Pioneering Academics > Graduate Programs > Nano+MBA > Nano+MBA Courses
Course Descriptions for the M.S.-MBA ("Nano+MBA") Program
NNSE 501 Mechanics of Finite-Size Elements (3): Introduction to atomic and continuum scale mechanical matrices and associated tensor representations, generalized Hooke's Law, stress deformation and flow. Applications to nanomechanics of nanoscale systems and mechanics of nanoscale assemblies. Introductory fracture mechanics and dislocation mediated deformation mechanisms of nanoscale solids, including introductions to creep, and fatigue for nanoscale structures.
NNSE 511 Quantum Theory of Solids I (3): Introduction to the quantum theory of nanoscale material systems. Fundamental concepts, quantum dynamics, symmetry in infinite and nanoscale systems. Approximation methods and scattering theory in infinite and finite nanometer size systems. Introduction to energy band structure for periodic and nanoscale crystals. Introductory application of plane wave and tight-binding approaches for band structure of nanoscale systems. Practical applications to nanoscale materials.
NNSE 512 Quantum Theory of Solids II (3): Applications of the quantum theory of nanoscale material systems. Fundamentals of Hartree-Fock theory and applications to band structure of ultra-small systems. Quantum harmonic crystal theory. Localized and long-ranged impurity states. Electron-phonon and electron-electron interactions. Practical applications of band structure in nanoscale semiconductor systems. Quantum conductivity in nanowires and nanostructures. Landauer theory: conductance of quantum channels.
NNSE 519 Principles of Materials Nanoengineering (3): This course will explore the fundamental structure/chemistry/property relationships in nanomaterials and nanomaterial systems. Examples of basic concepts will be drawn from areas that include nanoelectronics, nanophotonic devices, superconducting systems and nanoelectromechanical devices. In order to achieve this objective students will have to understand key elements of thermodynamics, nanophase diagrams, band theory and crystallography as well as the fundamentals of mechanical, electrical and magnetic properties of nanomaterials.
NNSE 525 Experimental Methodologies for Non-Biological Nanosciences (3): Statistical principles for design-of-experiment methods as applied to nanomaterials self-assembly, processing, and associated development of analytical protocols. Elementary ideas of blocking, general principles of linear model analysis. Introduction to replication, covariance, experimental treatment structures, and full- and partial-factorial designs.
NNSE 528 Nanosystems Science and Technology (3): Fundamentals of nanosystems design including nanoelectrical mechanical systems (NEMS), MEMS, radio frequency MEMS (RF-MEMS), chemical-MEMS (C-MEMS), bio-MEMS (B-MEMS), and monolithic microwave integrated circuitry (MMIC). Development of basic aspects of design, fabrication, and integration in the context of modern system-on-chip (SOC) technology. Introductory expertise in nanosystems to develop basic nanosytems designs via finite element analysis (FEA) modeling.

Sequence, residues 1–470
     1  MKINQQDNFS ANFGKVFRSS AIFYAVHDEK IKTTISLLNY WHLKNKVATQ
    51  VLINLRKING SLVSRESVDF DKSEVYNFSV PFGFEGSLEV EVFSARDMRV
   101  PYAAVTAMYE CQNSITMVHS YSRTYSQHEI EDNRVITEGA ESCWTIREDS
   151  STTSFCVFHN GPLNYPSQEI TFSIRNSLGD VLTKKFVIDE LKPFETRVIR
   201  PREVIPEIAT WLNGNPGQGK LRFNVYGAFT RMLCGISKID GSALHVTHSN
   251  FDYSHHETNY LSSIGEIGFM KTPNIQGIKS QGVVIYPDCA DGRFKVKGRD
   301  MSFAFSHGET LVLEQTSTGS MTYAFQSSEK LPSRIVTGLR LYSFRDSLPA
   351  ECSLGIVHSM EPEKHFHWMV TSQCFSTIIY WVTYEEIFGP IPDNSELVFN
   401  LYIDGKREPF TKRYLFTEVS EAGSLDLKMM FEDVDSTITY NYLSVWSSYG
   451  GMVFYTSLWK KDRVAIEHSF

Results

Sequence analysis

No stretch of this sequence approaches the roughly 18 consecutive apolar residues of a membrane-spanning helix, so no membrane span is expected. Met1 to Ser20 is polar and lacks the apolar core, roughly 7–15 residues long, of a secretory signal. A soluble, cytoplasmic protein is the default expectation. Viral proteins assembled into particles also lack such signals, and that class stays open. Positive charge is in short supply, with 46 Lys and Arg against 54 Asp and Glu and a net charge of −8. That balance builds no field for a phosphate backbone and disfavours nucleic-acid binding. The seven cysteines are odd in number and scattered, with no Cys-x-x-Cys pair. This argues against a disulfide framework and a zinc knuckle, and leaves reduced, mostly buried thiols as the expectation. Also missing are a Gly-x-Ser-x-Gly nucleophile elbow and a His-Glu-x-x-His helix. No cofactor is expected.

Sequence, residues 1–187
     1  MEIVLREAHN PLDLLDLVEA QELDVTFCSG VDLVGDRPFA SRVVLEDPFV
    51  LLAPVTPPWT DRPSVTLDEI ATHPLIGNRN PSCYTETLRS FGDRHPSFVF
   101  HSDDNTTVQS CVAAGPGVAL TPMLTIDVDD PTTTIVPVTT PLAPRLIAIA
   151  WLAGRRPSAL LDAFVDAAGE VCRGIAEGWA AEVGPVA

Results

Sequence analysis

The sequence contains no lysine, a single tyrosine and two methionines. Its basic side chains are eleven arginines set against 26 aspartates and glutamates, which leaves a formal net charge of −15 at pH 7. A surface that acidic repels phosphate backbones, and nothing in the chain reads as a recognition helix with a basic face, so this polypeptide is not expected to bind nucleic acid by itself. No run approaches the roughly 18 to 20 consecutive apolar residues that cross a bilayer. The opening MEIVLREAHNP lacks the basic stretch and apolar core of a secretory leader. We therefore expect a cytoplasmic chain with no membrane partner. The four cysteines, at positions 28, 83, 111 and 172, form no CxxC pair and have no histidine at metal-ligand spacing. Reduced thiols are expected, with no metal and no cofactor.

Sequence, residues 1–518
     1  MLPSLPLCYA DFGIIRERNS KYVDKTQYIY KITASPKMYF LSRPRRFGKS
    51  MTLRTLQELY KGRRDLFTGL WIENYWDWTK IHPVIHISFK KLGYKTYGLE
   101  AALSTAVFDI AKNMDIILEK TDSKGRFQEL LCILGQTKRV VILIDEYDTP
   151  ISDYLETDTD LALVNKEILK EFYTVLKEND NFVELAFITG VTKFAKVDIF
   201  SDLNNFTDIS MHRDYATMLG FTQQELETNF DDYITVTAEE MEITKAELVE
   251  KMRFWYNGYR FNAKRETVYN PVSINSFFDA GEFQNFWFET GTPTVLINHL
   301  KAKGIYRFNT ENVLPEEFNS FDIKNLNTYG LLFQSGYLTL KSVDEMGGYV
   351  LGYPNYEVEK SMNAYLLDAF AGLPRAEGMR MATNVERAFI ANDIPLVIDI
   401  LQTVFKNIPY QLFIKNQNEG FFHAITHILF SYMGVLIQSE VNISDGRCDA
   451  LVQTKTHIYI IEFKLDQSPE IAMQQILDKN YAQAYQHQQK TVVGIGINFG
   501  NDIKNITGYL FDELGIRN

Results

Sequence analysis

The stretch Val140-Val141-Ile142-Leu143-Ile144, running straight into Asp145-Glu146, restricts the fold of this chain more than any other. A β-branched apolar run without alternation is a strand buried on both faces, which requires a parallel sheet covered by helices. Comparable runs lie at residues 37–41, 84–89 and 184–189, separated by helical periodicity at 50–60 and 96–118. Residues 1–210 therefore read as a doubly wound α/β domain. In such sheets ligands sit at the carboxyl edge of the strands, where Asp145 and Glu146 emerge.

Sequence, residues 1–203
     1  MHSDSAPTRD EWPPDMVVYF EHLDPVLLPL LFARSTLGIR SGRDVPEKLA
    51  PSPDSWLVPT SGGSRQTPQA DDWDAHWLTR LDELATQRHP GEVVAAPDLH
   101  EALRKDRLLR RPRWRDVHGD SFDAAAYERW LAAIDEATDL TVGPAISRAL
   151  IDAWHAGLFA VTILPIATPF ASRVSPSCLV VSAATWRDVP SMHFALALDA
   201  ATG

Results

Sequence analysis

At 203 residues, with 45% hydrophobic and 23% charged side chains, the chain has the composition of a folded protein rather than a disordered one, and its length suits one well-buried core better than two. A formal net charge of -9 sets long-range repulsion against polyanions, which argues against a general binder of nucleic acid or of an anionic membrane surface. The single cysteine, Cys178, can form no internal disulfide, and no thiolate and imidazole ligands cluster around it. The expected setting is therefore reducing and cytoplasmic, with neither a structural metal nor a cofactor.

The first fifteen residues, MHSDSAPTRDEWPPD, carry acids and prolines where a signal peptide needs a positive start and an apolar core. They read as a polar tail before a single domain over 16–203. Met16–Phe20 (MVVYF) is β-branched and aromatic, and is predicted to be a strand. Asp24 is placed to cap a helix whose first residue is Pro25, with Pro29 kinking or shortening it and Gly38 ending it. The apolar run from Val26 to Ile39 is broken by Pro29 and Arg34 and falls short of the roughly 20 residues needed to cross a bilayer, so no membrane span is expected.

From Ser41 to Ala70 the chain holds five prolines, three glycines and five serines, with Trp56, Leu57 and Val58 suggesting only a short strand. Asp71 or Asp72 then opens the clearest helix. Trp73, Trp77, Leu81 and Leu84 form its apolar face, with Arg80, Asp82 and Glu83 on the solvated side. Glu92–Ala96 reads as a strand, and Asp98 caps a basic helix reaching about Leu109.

NNSE 541 Introduction to NanoElectronics (3): Topics include an introduction to the operating principles of nanoscale electronic and optical devices (quantum devices). The emphasis will be on how nano-fabrication technology and quantum mechanics affect the properties of reduced sizes and dimensions. Specific examples of devices based on quantum wells, wires and dots are given.
SCHOOL OF BUSINESS COURSES
ACC 518 Accounting for Managers (3): Focuses on the financial statements of business organizations, the information they contain, and how this information is useful to management. Emphasis is placed on the meaning and the value of accounting information to a manager, not on the recording and processing of that information. The course also focuses on the use of accounting information by managers, concerning economic resources. Managers must understand cost concepts and how they relate to a variety of environmental and operational variables. Such understanding leads to the ability to analyze profitability and interpret the information supplied by various performance measurement systems.
BUS 523 Presentation Skills (1): Skills-oriented course seeks to develop effective individual presentation skills through instruction and practice. Students will be videotaped and given detailed feedback about their skills and needs for improvement. Attention will also be given to working as part of a group in making business presentations.
FIN 515 Economic Analysis (3): Provides economic foundations for business management and fosters the development of sound economic reasoning. Relevant principles of macroeconomic and microeconomic theory will be related to specific business applications. A group project, involving a written and oral presentation is required. Prerequisite: one course in economics. S/U graded.
ITM 510 Advanced Excel with Visual Basic for Applications (1): This course includes Advanced Excel including the use of Macros, Functions, Goal Seek, Sover, VBA, regression analysis, charts, pivot tables, etc. Problems will focus on business decision support, scenario analysis and statistical techniques. The student will learn how to better use spreadsheet Software and VB for applications for problem solving in a business environment.